Words by Smiley Team
The latest IPCC report highlighted the growing need for businesses to take action against climate change. This requires companies of all sizes to look at their environmental impact and think about how they can become more sustainable.
But what does a sustainable business actually look like?
Corporate network Business Declares has been working on this topic for about three years. As a progressive alliance of over 100 companies, it drives some of the most ambitious climate action in the corporate world. Its members include major players such as Triodos Bank UK, Riverford Organics and The Body Shop.
Formed by senior leaders from the SME, B Corp and FTSE100 sectors, the not-for-profit is a significant voice in climate discussions, involving members in the UN Race to Zero team for the upcoming UN Climate Change Conference (COP26).
“We believe that business has a major part to play in tackling the climate, ecological and social emergency,” its director, Ben Tolhurst tells Smiley News.
Drawing on climate science and business expertise, the organisation has drawn up a detailed roadmap with supportive resources for businesses to become sustainable. And the initial step, says Ben, is simply to allow space for knowledge and discussion.
“Firstly it's important for businesses to grasp the scale and urgency of the impact of this crisis on their staff, families and sustainability of their business,” he explains, “therefore the first responsibility is to raise awareness and engender a culture where this topic can be discussed.”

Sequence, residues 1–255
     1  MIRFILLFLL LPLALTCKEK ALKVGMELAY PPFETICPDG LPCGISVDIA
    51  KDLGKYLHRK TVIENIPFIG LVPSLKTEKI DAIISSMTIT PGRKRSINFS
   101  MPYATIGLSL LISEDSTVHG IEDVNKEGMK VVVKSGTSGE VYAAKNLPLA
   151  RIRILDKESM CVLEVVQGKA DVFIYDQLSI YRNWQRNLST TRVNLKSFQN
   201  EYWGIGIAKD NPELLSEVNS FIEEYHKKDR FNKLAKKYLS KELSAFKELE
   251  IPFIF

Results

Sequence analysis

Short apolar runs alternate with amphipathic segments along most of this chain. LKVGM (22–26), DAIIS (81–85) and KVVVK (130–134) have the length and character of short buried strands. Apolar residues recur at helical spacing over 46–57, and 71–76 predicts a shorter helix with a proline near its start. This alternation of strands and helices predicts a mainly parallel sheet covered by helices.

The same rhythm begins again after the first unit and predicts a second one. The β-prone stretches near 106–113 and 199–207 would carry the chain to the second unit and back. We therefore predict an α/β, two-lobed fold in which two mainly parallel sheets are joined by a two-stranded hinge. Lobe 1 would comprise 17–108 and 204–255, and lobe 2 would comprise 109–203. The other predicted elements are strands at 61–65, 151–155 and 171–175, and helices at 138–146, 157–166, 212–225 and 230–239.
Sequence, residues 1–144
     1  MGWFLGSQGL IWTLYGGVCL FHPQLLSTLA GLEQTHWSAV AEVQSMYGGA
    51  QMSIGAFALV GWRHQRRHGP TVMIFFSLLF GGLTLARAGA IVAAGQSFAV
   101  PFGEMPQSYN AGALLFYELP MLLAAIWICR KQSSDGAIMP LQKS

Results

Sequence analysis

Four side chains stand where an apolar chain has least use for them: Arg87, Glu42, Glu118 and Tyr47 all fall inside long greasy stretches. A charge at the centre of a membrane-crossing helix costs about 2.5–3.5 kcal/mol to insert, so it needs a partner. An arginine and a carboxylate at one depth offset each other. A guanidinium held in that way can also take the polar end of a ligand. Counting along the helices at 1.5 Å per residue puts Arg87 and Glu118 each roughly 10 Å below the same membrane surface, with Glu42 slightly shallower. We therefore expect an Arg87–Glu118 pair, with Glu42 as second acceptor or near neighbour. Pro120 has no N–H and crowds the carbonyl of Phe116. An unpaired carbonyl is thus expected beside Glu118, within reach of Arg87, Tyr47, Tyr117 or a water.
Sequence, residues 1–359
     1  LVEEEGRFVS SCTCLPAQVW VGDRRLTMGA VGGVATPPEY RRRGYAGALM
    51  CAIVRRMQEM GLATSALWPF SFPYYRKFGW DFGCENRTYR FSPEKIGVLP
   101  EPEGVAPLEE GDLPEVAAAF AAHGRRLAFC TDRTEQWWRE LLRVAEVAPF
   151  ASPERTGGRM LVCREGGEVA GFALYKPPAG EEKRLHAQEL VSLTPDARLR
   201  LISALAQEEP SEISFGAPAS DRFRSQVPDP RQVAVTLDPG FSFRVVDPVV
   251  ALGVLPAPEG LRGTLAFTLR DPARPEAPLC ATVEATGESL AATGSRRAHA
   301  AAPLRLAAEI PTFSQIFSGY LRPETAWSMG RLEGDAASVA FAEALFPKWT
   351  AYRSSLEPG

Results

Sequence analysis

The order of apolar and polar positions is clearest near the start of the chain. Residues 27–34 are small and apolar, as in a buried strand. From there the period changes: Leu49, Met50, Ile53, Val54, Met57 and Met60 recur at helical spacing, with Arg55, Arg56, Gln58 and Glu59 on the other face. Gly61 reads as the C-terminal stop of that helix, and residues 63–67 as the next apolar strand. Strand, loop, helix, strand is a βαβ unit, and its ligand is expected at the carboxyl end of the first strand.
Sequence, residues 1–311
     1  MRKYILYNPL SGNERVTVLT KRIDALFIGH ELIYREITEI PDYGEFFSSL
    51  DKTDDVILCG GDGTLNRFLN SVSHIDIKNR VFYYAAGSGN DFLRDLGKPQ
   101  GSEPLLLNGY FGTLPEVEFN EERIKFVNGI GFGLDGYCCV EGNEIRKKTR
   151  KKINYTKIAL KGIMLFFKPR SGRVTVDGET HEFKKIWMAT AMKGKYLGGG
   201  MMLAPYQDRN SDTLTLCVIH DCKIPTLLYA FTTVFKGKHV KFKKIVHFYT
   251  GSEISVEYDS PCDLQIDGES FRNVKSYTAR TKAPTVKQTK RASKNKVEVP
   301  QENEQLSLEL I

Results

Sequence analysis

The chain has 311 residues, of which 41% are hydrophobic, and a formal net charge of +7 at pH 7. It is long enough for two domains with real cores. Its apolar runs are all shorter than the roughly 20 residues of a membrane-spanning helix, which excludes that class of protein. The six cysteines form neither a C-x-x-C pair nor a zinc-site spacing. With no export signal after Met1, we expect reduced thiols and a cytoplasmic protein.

“Secondly, it's important that businesses take action,” he continues. Business Declares encourages companies to take small steps that tick off the “low hanging fruit”, says Ben. This might include switching to green energy providers, getting rid of singe use plastic, or increasing non-meat and dairy options in the canteen.
In combination with these relatively easier actions, Ben says: “Businesses must take far more difficult steps as well such as transforming their finances. This involves moving current accounts, savings and pensions away from the big fossil fuel investors such as Barclays and HSBC to ethical banks like Triodos.”
“Also in the difficult category are actions such as the rapid decarbonisation of their supply chain and considerations of where the business will actively turn down work from prospective clients (like Barclays and HSBC) because of their non-environmental credentials,” he adds.
So really, businesses must work hard to transform every aspect of their operations if they are to operate in a way that supports the continuation of life on Earth. But once that’s achieved, there’s still more they can do.
“Businesses have a responsibility to influence government and be part of campaigns for changes of legislation which will help tackle the climate, ecological and social crisis,” he says.
Business Declares hopes to inspire, encourage and accelerate action within businesses to address the climate, ecological and social emergencies. The network is free to join as and offers free access to support for businesses wanting to tackle the climate and ecological crisis.
Support organisations helping businesses become more sustainable.
Business Declares is a network of sustainable businesses offering free resources and support to transform any business into one aligned with planetary limits, functioning in the interests of people, nature and wildlife.
The WWF collaborates with communities, finance and businesses to raise awareness and campaign for changes in lifestyles, business strategies and more.
This environmental group is committed to driving transformation by lobbying organisations to improve their behaviour.
Through conservation work and collaborations with companies, the Rainforest Trust hopes to preserve and restore one of the world’s most important natural carbon sinks.